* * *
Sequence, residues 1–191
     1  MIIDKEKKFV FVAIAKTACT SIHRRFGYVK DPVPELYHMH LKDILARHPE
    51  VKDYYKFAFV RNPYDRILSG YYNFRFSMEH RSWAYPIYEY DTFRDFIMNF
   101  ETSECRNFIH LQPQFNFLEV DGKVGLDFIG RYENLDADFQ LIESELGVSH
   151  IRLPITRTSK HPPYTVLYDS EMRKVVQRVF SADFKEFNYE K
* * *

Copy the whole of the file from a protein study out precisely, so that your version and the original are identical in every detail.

Sequence, residues 1–191
     1  MIIDKEKKFV FVAIAKTACT SIHRRFGYVK DPVPELYHMH LKDILARHPE
    51  VKDYYKFAFV RNPYDRILSG YYNFRFSMEH RSWAYPIYEY DTFRDFIMNF
   101  ETSECRNFIH LQPQFNFLEV DGKVGLDFIG RYENLDADFQ LIESELGVSH
   151  IRLPITRTSK HPPYTVLYDS EMRKVVQRVF SADFKEFNYE K